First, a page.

• Two wins, two liveries: Pagenaud’s also won driving two different liveries in the same year, with blue, white and orange on his No. 77 Oculus Schmidt Peterson Hamilton Motorsports Honda at the GP of Indy, while now he’s won in orange Oculus colors this weekend. The last driver to do that was Helio Castroneves in 2012 (Shell No. 3 red/yellow St. Petersburg, Penske Truck Rental yellow Edmonton).
  • More cautions: Houston’s two races produced six (race one) and five (race 2) cautions. The six in race one is a season-high thus far; 24 laps for race one is also the most. Unsurprisingly, as a result, these two races produced the lowest winner average speeds this year (70.389 mph race one, 78.981 race 2).
  • Barber, Houston 1 end in common: Barber and Houston share the unfortunate commonality of being two rain/time shortened races, and also the only two races that have ended under yellow.

NHRA: John Force-like motor explosions get contagious during Sunday’s Gatornationals

Photo and video courtesy NHRA
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John Force is rubbing off on others – but probably not the way they or he would like.

The 16-time NHRA Funny Car champion has had spectacular motor explosions in each of the first three races of the new NHRA season, including during Friday’s qualifying for this weekend’s Gatornationals.

During Sunday’s quarterfinals of eliminations, Force’s teammate (and son-in-law and president of John Force Racing) Robert Hight squared off with fellow Funny Car driver Matt Hagan.

As the duo closed in on the finish line, both cars experienced spectacular motor explosions of their own – virtually side-by-side and nearly at the same time.

Hight’s car was the first to explode, tossing its body high in the air. A split-second later, Hagan’s car exploded, also sending the body flying.

Check out the NHRA video:

Hight wound up losing the race.

Hagan, meanwhile, and his crack pit crew rolled their backup car off the hauler, put in a new motor and went on to race through the semifinals and into the finals, losing to race winner “Fast Jack” Beckman.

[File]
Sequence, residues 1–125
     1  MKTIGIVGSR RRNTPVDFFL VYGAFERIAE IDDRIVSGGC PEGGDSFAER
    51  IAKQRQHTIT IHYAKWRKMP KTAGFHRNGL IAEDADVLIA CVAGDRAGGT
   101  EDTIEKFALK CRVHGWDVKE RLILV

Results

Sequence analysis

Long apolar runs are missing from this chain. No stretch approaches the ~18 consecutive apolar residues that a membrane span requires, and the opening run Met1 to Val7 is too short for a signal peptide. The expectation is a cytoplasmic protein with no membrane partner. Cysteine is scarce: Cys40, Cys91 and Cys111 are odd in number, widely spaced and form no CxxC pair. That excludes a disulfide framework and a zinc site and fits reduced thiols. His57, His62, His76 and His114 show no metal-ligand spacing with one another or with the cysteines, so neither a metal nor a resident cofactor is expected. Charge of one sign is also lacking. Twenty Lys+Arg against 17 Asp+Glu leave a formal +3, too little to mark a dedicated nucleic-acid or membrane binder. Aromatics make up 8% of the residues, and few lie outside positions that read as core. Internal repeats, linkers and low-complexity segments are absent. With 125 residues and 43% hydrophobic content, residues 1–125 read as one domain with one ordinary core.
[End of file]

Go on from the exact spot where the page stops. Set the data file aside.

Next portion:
“We had a pretty great race day, to be honest,” Hagan said. “I’ve never been to the finals in Gainesville.

“We obviously had a huge blow up in the second round, then to watch these guys pull the other car back out and put it together in the amount of time they had, then turn a win light on against Capps (Don Schumacher Racing teammate Ron Capps in the semifinals), then to be able to go to a final, it was huge and it speaks for itself.”

As for Hight, here’s his take on what happened with the motor explosion:

“I couldn’t see (Hagan) over there and it wasn’t like it was hazing the tires or anything else. As it turns out it wasn’t spinning at all. It kicked two rods out when it blacked the bearings in the crank then it hit the valves and blew up.

“The thing gave me no indication at all before that. What really scared me was once I got it under control and I look over and see his body is off his car. I am thinking ‘Oh man, he got gathered up in me.’ Then I stood up and looked and his injector was sideways so I realized he had an explosion as well. We are just lucky we didn’t get into each other.”

As for the guy who has had so much trouble in the motor department, John Force, he lost in the first round of Sunday’s eliminations to daughter Courtney Force.

John Force planned on shutting the motor off on his car at around the 700-foot mark of the 1,000-foot dragstrip, not wanting to risk another motor explosion – even though it meant a likely loss to his daughter.

Now John Force and his entire four-car team, including Courtney Force, Robert Hight and daughter and Top Fuel driver Brittany Force, will be off for extensive testing to try and determine what’s been causing the motor explosions.

“We have to evaluate it and go test,” Force said. “We’ll figure it out.”